First, Y’all Need Some Repentin’!

Kirk Walden 1st Faith 0 Comments

I’ve been in the middle of the Christian world for 37 years now and dang if I’m not still finding things which totally shift my perspective.

Last week I wrote about six ideas I’ve overcomplicated; from Peter, in the second chapter of Acts. Peter, just a fisherman, knew who Jesus was, knew what happened to Jesus, and knew God raised Jesus from the dead.

Then in an act of courage I can’t fully comprehend, Peter stood in front of thousands and said (in Kirk’s vernacular), “Hey, you out there in the square; you took a man of God and put him to death. And God proved Jesus was his man by raising him from the dead.”

Christians hinge our faith on the resurrection, as we should. But let’s never forget, someone had to be first to tell the story to the world. Peter did it. It’s understating things to say, I owe him one.

After Peter finished, those in the town square shouted back, “Brethren, what shall we do?”

Remember, Peter didn’t have years of training in evangelism. He was on the spot and needed an answer, quickly.

His response? “Repent, and let each of you be baptized in the name of Jesus Christ for the forgiveness of your sins; and you shall receive the gift of the holy spirit.”

Many might read this and say, “We know this stuff–there’s nothing new here. We get it.” But hang on; we’re not there yet.

For years, my evangelical training told me one of the first things a good evangelist does is help someone understand, “You are a sinner.” The “Four Spiritual Laws,” popularized by Campus Crusade for Christ (Cru), starts by telling us God loves us but next, we are asked to understand “all of us sin and our sin separates us from God.”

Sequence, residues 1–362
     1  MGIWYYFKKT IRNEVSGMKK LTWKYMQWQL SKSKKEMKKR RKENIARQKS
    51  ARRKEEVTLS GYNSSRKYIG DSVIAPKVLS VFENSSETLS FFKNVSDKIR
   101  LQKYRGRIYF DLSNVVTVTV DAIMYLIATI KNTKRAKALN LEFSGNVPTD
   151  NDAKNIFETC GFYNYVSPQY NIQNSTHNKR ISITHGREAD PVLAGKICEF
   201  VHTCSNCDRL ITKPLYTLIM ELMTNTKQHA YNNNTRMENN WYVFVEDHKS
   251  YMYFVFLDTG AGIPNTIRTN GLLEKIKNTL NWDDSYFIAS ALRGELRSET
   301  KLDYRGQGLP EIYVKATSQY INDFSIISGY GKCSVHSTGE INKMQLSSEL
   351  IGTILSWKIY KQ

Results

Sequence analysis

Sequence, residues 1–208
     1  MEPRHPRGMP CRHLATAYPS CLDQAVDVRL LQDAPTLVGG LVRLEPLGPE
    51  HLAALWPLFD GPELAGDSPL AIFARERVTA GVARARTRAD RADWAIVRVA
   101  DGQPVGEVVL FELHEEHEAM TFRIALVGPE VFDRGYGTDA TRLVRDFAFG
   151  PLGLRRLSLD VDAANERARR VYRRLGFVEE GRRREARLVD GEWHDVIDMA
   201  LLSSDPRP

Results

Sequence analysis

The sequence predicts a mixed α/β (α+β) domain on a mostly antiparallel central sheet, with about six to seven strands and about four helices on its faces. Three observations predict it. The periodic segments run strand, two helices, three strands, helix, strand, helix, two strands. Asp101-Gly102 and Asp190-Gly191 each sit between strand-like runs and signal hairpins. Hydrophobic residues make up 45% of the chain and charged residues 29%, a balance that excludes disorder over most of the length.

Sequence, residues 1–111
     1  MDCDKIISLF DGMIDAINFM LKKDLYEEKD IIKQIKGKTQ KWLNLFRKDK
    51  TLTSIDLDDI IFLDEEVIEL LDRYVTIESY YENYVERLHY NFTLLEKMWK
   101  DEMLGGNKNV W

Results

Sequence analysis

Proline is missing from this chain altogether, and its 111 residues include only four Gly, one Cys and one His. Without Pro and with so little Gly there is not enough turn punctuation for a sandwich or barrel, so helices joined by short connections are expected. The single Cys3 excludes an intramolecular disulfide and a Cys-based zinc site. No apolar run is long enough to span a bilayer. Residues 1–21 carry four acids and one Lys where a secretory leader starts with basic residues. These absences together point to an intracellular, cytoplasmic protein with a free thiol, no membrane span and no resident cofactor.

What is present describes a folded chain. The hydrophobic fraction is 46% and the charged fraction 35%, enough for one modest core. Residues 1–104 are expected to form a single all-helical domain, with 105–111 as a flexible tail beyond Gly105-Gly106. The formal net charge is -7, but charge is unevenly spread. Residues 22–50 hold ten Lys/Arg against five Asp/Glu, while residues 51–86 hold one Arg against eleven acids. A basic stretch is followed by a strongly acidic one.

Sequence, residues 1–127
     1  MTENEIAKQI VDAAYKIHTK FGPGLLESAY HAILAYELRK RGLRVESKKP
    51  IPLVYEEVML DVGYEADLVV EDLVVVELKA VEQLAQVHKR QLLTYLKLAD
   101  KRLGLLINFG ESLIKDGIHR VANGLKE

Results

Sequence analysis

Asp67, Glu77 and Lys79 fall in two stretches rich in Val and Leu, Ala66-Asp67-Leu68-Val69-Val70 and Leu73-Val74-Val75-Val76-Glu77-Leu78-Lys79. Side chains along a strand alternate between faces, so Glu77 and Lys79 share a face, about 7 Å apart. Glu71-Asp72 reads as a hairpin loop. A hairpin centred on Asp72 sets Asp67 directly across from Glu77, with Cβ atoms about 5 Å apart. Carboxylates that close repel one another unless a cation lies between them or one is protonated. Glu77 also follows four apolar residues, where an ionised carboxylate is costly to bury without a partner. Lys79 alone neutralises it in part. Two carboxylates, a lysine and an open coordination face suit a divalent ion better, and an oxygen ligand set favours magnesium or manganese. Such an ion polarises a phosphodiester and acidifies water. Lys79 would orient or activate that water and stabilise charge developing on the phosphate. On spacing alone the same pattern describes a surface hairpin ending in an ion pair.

I’ve used this method; I’m not knocking it. It makes perfect sense. We start with God’s love, then share the bad news with our friend (“Ummm, you’re a sinner. No offense.”).

And at first glance, it appears this is exactly what Peter is doing when he uses the word, “Repent.”

But what does “repent” actually mean? Sackcloth and ashes, fretting and wailing over our horrible deeds? Not exactly. Actually, the Greek word Peter uses is “metanoeo,” meaning, “to think differently,” or, “reconsider.”

So I ask, “What is it that these people must think differently about? What must they reconsider?”

Again, my mind wants to run to “sin” as my answer, because I’m conditioned. Didn’t Peter want everyone to know they are sinners who need saving?

Certainly, there is truth to this. But if my goal is to find a First Faith, I need to place myself in Peter’s audience for a second:

I’m Jewish. I know the prophecies of a coming messiah who will save my people. I’ve been taught this stuff since I was a child.

Up there shouting is a fisherman, Peter, who talks of a man from Nazareth, Jesus. Peter says God worked miracles through Jesus, and I’ve heard those stories for nearly three years. I know Jesus was killed, and Peter puts the blame on all of us for putting him to death.

But I’ve heard other stories going around, too; stories that Jesus came alive again. And Peter, this guy from Galilee, claims God raised Jesus from the dead. Is it true?

Then Peter says those words which change everything:”Therefore let all the house of Israel know for certain that God has made him both lord and Christ–this Jesus whom you crucified.” I get it now. Peter is telling me Jesus is the promised one, the one who came to save us all.

I’m standing in the square, dumbfounded. A chorus of voices yell out, “What shall we do?” Peter struck a chord with those guys, that’s for sure.

But what about me?

Peter’s first word? “Repent.” Think differently. He wants me to reconsider something.

I get it now. I need to reconsider every single thing I’ve thought about Jesus. Everything.

If we want to advance a First Faith, we first–me included–must reconsider Jesus. Let’s think of him as Peter did. Then, we invite others to join us in following him.

There is so much more to write, and we will. But starting from the beginning, I may need to do some repentin’ and better understand Jesus. On the sin stuff? Peter gets to that and we’ll talk about it, too.

But sin is not our first consideration. Jesus is. More coming. Soon.

Thanks for reading. Comment here or drop me an email here. Let’s keep the conversation going.

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